Saturday, February 12, 2011

Let's Make Love

1960 was just two years before Marilyn Monroe (1926 - 1962) died.  It was the year she made Let's Make Love.  This was not one of her best works, especially after just making hits like Bus Stop (1956) and Some Like it Hot (1959).

The movie starred Yves Montand (1921 - 1991) as a billionaire who is mistaken for an actor in a review that includes Monroe as the singer.  The supporting roles are played by Tony Randall (1920 - 2004) and Wilfred Hyde-White (1903 - 1991).

The credits are amazing.  Directed by George Cukor and with a screen play written in part by Arthur Miller (Monroe's husband), there were cameos by Milton Berle, Bing Crosby and Gene Kelly.  I am not sure why I didn't like this movie more than I did.

It was noted in some reviews on IMDb that it was not particularly favored by Monroe or Montand.  A small part as the male singer was played by Frankie Vaughan (1928 - 1999) who only appeared in seven movies.  He was so put off by the experience that he gave up acting.

Vaughan wasn't very good, in my opinion.  He was trying too hard to be Frank Sinatra, but his singing was less than impressive.  He apparently went on to be a headliner in London and Vegas, and he was knighted by the queen a few years later.

I didn't even see any chemistry between Monroe and Montand.  In the movie, Montand was supposed to be smitten with Monroe, and eventually Monroe came around.  What is interesting is that the two, though both were married at the time, did have an affair during the filming.  Maybe they were trying too hard to hide their feelings.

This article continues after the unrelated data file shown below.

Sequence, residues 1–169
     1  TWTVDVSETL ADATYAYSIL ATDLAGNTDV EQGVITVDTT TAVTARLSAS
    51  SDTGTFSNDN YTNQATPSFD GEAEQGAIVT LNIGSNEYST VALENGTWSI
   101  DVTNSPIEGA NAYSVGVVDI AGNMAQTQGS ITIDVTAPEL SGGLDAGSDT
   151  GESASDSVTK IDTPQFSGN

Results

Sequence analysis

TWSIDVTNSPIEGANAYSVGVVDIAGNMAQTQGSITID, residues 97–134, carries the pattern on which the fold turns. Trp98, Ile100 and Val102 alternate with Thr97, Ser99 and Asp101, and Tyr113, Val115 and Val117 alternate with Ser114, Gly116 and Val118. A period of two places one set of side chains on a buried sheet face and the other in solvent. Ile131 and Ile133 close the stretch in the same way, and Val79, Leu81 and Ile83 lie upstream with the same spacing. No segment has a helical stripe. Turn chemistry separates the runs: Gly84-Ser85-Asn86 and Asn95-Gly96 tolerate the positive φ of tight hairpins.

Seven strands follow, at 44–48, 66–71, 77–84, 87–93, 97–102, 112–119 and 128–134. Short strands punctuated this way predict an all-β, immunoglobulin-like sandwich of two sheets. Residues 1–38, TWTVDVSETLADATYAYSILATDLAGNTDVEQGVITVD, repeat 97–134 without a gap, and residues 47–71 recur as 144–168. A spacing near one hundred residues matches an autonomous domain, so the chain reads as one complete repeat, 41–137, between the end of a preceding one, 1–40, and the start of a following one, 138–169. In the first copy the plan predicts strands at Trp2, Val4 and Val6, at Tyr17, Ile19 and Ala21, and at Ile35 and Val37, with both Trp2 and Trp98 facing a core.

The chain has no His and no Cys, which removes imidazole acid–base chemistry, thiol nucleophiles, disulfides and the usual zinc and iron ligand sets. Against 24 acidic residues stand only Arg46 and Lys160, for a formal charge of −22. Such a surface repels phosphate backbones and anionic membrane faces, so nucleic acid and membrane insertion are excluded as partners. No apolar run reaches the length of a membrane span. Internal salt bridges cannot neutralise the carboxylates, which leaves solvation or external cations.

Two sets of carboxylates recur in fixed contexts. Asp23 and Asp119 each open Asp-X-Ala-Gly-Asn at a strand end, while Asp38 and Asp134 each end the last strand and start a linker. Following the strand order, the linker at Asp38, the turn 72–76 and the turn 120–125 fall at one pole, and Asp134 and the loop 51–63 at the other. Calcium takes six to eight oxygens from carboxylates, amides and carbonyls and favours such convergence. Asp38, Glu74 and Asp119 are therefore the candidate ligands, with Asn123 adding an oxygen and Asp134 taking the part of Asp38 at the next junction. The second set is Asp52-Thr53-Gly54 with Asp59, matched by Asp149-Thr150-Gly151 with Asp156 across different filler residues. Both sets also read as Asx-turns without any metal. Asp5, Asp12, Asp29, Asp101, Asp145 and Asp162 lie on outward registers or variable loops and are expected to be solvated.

Of course, the best part is looking at the Bit Parts.  Former Stooge Joe Besser (1907 - 1988) plays a comedy writer.  We even see Leonard Breman (1915 - 1986) in a small part as a waiter.  Make sure you check out my earlier posts on Breman.

Let's Make Love is not really a bad movie.  It is a romantic comedy that is a little dated due to the style of 1960.  I think 1960 was a transition between the war years including the boom just after the war, and the free love era that was yet to come.  Movies made in that middle period are a mix of styles, so they didn't easily fit.

Marilyn Monroe is really the standout in this film, turning in a very good, believable performance.  For the fact that this was her second to last film, a year before The Misfits with Clark Gable, it is worthy of viewing.  By this time in her life she must have been troubled, but she still could act and sing.


  1. I'm not very fond of this film either. I've tried! It just falls flat for me. With Tony Randall in a key supporting role (let alone the two leads and George Cukor directing), it's only natural to expect something much better.

  2. Thanks, Eve. I'm glad I'm not alone. I did think that Marilyn did her best to bring in a good performance.

    According to some other reviews of the movie, the script was re-written to highlight Marilyn's part, and some other leading men turned it down, hoping to get the original story instead. Of course, Arthur Miller did the re-write for his wife.

  3. Not sure this sort of film was Miller's, "The Misfits," that's another story...

  4. Well, he did know how to pick a wife. See the pic I just added to the post. She must have seen something in him, but I am not a Marilyn expert.


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